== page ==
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The Business Economics and Public Policy field is concerned with the continuing business-government dialogue that leads to effective decision-making and equitable relations between the private and public sectors of society. The economic and social foundations of government programs and regulatory activity are studied to establish a basis for developing and evaluating effective business responses.
The field is designed to develop understanding and skills useful for a wide variety of positions in business, public and not-for-profit organizations. Students deepen their understanding of the social and legal environment that influence business and its relationships with government at all levels. Students also receive strong in-depth training in micro- and macroeconomic analysis. This key element of the field prepares students to perform rigorous and sophisticated analyses of the economic impacts of policy decisions on public, private, and not-for-profit organizations.
The field is also designed to ensure that students understand the workings of political systems and institutions, particularly the U.S. federal government. This understanding includes recognizing not only what government can do and achieve but also the limits of its power and the role of private interests in driving political decision making in Congress and in the agencies.
The BBA with a concentration in Finance provides undergraduate students with the analytical tools and conceptual framework needed to evaluate financial transactions and firms and make financial decisions. The academic program allows students to understand finance from three interrelated perspectives:
1) financial management related to capital budgeting, financial structure, financial analysis, working capital management, and dividend policy;
2) investment and portfolio management related to the valuation of stocks, bonds, and derivative contracts and the construction of efficient portfolios; and
3) the money and capital market related to the issuance and investment in financial instruments by banking organizations with emphasis on the consequence of interest rates and interest rate structure on valuation and risk.
The BBA with a concentration in Information Systems enables undergraduate students to acquire an excellent understanding of all of the components of information technology (IT), and to obtain the skills and knowledge of analytical methods needed to design and develop the information systems (IS) that are indispensable to businesses. The IT overview covers areas ranging from computer hardware/software to data communications (including the Internet and the World Wide Web) to data management. Students also learn about and have hands-on experience in the structured development of information systems, programming, database design, and other techniques needed in order to successfully design and develop information systems. These IS/IT-specific skills and knowledge, coupled with an understanding of the other aspects of business acquired in the BBA, give students a competitive start in this “information age.“
The BBA with a concentration in International Business provides undergraduates with the analytical tools and conceptual framework needed to understand the international financial, political, and economic environment, how that environment influences a firm’s strategy and performance, how culture plays a role in guiding a firm’s strategic activities, and how a firm can leverage home and host country resources to overcome challenges inherent in managing a multinational enterprise. The academic program allows students to understand international business from three interrelated perspectives: international economics and finance, international marketing, and international corporate strategy.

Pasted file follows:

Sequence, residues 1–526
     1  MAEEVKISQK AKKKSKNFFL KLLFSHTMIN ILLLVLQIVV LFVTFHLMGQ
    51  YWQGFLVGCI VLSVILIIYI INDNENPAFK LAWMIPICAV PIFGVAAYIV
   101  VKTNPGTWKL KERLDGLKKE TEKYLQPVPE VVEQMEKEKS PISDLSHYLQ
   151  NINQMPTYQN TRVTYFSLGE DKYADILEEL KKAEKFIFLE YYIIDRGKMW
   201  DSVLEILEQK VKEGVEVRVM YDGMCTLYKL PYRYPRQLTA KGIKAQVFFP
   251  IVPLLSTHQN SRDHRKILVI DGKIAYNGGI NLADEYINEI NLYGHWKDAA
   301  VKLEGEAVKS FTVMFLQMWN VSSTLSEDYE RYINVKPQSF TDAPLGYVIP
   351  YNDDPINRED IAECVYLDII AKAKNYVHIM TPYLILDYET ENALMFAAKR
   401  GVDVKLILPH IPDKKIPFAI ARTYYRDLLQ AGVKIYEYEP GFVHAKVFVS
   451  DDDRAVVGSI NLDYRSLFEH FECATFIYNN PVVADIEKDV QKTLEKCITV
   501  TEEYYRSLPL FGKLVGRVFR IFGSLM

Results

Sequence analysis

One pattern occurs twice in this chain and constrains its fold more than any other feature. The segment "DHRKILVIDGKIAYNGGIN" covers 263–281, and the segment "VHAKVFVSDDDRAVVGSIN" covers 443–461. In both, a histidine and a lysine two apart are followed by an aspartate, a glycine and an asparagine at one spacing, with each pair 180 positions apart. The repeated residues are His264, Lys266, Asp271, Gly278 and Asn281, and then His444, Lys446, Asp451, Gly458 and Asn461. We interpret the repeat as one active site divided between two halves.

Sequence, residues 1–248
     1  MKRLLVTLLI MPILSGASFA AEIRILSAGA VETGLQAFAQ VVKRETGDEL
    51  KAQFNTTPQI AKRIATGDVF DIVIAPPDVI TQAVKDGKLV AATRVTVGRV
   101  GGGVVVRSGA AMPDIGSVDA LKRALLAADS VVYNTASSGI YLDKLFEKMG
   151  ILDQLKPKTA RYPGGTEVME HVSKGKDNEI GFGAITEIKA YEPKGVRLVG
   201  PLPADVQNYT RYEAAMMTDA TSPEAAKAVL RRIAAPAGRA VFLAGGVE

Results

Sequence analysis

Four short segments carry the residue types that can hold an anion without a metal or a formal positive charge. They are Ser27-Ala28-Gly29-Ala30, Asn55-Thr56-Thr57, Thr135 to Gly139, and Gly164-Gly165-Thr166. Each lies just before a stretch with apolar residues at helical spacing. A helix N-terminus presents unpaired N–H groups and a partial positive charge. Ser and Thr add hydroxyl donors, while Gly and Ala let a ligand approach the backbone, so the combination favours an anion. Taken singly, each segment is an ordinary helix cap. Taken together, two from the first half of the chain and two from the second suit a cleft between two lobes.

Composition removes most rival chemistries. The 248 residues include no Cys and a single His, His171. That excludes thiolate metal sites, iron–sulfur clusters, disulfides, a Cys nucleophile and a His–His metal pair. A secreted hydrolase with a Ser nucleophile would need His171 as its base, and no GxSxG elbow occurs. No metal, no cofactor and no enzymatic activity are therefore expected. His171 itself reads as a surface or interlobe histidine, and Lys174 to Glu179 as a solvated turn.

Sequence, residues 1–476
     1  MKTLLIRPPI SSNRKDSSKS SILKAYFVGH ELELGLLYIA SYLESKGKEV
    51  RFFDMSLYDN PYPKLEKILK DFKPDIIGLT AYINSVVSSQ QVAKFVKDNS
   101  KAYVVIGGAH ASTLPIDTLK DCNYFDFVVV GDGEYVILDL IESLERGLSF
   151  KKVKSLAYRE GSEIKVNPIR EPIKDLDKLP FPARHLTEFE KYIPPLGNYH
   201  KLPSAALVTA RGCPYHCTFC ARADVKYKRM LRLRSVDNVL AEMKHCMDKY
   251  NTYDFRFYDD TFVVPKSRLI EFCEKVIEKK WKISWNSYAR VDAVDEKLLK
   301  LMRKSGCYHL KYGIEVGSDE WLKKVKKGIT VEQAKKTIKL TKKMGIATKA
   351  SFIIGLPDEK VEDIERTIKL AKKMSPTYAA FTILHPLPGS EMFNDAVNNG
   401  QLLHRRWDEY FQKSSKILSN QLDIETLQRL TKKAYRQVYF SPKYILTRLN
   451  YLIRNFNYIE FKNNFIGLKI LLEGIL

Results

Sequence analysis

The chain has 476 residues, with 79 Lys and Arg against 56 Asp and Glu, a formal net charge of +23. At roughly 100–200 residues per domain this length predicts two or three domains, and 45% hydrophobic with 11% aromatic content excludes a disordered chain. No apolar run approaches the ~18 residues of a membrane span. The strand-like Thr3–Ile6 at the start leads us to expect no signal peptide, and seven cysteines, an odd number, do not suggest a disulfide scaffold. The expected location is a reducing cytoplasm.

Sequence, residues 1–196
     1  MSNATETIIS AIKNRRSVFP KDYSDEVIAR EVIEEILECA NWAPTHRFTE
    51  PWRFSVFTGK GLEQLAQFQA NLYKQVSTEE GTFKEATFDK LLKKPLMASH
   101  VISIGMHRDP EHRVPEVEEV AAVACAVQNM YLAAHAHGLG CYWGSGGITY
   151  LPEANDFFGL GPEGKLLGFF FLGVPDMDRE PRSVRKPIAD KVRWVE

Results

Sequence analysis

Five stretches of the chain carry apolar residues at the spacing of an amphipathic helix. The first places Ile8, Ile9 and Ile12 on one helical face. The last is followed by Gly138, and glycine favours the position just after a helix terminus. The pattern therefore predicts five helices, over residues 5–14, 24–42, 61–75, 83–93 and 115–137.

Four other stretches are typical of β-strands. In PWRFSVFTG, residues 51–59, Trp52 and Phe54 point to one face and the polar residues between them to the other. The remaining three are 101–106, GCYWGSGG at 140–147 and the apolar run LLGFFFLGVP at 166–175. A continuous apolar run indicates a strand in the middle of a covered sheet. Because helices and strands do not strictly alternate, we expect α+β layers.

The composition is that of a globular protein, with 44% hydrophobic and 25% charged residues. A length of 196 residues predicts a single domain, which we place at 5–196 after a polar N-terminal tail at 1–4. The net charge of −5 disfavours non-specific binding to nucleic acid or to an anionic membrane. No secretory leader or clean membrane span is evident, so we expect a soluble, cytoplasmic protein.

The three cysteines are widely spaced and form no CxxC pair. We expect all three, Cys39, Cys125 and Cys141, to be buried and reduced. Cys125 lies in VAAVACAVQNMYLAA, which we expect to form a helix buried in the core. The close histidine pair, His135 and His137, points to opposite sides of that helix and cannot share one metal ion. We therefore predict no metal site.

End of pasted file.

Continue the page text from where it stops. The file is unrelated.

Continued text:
The BBA with a concentration in Marketing provides undergraduate students with the analytical and technical tools, as well as a strong conceptual framework, needed to understand consumer and organizational buying behavior and strategic marketing processes. These processes include market research, segmentation, targeting, positioning, integrated marketing communications, and relationship building. Students will develop competencies and skills in: identifying customer needs and wants; making decisions about which markets organizations should serve; designing product, service and program offerings for these markets; planning and implementing strategies to communicate with and sell to these markets; and creating value through profitable relationships with customers as well as channel partners, suppliers, and other stakeholders.
This field, formerly Tourism and Hospitality Management, provides students with a theoretical and practical understanding of the sport, event, and hospitality industries. It prepares students to work in the management and marketing of sport events, organizations, products, and athletes as well as in special events, expositions, festivals, and other entertainment properties. Those focused on hospitality will learn about the marketing, management, and financing of both tourism destinations and those businesses that are related to tourism, including cities, attractions, hotels, restaurants, and airlines.
The purpose of the individualized field of concentration is to equip students with the skills necessary to pursue a clear career objective that falls outside of the seven standard fields of concentration. Most career objectives can be easily met by pursuing one of seven standard fields within the business school. If this is the case, pursuing an individualized field of study is not recommended. When career goals cannot be accommodated by one of the standard fields, an individualized field of concentration can be considered.
Since many careers use knowledge drawn from several areas, students who are interested in more than one field of concentration can choose to pursue a dual field of concentration.